News from 1905 Garlic Ferments on Romanic


Mark Baber

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The New York Times, 4 July 1905

GARLIC MADE TROUBLE FOR 370 IMMIGRANTS
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It Fermented in Romanic's Hold and Delayed Baggage
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PORTUGUESE THE SUFFERERS
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Steamship Company Had to Find Sleeping Places far Them Along the Water
Front Last Night
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Three hundred and seventy Portuguese, who were passengers on the White
Star line steamer Romanic, which arrived yesterday, missed connecting
with the Fall River Line boat last night, and were put through many
hardships, all because of the misbehavior of some garlic.

When the ship left Naples, the baggage of the immigrants was stowed deep
in the hold, and on top of it was piled a large garlic consignment. When
the ship reached port yesterday and the longshoremen started to break
out the baggage, it was found that the garlic had fermented and from it
arose a gas so suffocating that no one could enter the hold.

The immigrants were removed to Ellis Island, but it was 8 o'clock at
night before the baggage reached the island. It had taken all afternoon
to free the ship of the gas.

Meanwhile there was considerable talk between the Commissioner of
Immigration and the steamship people over the Portuguese. The
Commissioner said he would not keep them at Ellis Island, while the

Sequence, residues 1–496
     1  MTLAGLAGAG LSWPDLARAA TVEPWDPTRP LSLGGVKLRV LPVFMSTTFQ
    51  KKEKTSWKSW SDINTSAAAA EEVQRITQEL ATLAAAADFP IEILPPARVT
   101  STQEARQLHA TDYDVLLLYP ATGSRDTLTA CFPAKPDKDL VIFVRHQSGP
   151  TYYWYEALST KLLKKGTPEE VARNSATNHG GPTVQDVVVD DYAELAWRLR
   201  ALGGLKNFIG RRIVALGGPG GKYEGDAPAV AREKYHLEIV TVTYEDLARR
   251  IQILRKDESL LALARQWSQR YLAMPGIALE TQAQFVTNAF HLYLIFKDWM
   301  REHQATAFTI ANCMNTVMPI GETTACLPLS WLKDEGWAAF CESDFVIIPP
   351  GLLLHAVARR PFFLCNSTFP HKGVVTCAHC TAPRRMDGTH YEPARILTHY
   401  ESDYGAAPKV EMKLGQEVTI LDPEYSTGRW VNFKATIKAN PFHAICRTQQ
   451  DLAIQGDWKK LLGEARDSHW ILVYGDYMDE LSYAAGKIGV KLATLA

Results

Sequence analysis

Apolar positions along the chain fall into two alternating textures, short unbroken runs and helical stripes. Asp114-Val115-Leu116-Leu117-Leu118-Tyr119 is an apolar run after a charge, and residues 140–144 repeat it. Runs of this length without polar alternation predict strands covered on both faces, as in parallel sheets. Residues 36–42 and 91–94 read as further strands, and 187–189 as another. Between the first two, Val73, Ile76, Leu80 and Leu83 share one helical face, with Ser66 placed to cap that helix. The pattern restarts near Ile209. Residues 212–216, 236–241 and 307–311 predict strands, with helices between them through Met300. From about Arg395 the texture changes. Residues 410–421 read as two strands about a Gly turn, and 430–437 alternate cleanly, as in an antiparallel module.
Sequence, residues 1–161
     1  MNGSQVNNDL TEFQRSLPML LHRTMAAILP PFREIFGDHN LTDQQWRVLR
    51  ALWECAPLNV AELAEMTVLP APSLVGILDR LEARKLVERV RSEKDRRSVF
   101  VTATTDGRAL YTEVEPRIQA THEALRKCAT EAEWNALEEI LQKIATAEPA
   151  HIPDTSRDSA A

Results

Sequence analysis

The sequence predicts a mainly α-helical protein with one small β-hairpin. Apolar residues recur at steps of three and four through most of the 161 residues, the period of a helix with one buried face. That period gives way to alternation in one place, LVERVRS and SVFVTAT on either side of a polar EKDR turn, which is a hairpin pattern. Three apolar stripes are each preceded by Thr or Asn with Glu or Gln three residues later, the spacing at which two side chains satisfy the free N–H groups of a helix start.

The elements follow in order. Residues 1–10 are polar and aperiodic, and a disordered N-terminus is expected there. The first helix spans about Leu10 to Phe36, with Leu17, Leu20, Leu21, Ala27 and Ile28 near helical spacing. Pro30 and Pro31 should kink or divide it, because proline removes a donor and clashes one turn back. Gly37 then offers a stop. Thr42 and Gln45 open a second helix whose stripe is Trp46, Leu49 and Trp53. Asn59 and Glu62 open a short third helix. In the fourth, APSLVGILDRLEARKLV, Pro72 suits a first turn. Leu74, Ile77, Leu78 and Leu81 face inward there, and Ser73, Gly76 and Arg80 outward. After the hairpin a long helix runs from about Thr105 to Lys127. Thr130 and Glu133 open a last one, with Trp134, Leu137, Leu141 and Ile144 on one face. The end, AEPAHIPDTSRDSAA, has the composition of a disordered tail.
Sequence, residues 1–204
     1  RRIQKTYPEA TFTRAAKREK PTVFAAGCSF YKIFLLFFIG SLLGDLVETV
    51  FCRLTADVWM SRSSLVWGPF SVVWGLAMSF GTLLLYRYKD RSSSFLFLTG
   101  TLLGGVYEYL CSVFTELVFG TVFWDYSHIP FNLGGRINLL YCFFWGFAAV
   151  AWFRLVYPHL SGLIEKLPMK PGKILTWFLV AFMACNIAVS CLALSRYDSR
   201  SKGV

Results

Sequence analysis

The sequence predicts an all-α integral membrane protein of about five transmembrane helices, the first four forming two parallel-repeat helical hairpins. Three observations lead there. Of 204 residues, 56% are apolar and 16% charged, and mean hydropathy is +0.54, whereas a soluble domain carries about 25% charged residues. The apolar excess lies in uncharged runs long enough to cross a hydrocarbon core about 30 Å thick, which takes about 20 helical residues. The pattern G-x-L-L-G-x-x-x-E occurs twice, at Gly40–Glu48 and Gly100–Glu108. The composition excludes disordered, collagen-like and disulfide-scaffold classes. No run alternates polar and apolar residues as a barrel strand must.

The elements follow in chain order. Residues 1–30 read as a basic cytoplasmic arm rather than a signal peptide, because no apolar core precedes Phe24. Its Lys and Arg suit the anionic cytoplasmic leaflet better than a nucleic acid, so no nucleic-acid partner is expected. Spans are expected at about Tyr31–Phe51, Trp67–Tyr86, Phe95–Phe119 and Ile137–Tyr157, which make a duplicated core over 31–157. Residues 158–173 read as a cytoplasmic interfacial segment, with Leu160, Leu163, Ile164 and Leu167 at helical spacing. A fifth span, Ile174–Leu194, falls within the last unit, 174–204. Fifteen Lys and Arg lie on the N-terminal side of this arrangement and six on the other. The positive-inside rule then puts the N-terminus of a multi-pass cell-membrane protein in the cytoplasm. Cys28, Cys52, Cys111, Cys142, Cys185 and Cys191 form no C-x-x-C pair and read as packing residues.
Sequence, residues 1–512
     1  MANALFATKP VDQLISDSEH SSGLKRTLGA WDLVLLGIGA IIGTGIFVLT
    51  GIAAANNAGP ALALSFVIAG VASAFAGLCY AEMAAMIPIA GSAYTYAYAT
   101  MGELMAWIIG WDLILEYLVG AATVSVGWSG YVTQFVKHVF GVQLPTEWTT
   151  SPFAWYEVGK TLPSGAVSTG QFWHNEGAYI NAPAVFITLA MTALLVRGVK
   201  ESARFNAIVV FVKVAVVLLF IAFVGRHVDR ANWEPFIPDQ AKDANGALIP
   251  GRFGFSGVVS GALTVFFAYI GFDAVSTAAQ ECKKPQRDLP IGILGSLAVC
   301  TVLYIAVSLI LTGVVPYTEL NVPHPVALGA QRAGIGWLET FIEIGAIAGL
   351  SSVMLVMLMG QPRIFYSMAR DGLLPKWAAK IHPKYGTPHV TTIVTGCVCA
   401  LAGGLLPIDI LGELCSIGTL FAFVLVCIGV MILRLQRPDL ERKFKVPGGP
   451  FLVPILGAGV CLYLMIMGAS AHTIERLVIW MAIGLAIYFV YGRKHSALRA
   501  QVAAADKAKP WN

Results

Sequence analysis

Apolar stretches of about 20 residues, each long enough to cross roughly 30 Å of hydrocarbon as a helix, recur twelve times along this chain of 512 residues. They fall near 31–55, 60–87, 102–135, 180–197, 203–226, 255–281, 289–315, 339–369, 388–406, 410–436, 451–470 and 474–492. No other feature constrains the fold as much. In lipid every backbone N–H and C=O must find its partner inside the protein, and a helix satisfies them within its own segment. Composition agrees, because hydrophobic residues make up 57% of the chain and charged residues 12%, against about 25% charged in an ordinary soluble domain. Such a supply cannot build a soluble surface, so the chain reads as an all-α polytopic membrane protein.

steamship companies are at their wits' end to
care for this large number of persons.

zAll [sic] the 370 were bound for New England cities, the most of them
being destined for Fall River, New Bedford and Taunton. Finally sleeping
places for this small army were obtained, and at 9:45 they were put on
board the ferryboat Ellis Island and sent to the Barge Office, where
they were landed at 10:15

Bewildered and puzzled at being hustled from place to place, and not
knowing where they were to spend the night, these aliens started to camp
out in the baggage room at the Barge Office. Dividing into small family
groups they started to make themselves comfortable for the night.

Hardly had they settled down when they were roused, this time by the
agents of the steamship company, who had found sleeping quarters for
them.

Formed in long lines, they were marched away. About 150 were taken care
of at the Polish Home, white the others, in groups ranging from thirty
to fifty were sent to near-by immigrant lodging houses.

-30-
 

Dave Gittins

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Apr 11, 2001
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White Star could have renamed the ship SS Garlic, in accordance with its tradition.

Good one, Mark!
 

Mark Baber

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Just be aware...the original poster in this thread is of Transylvanian descent.

;-)
 

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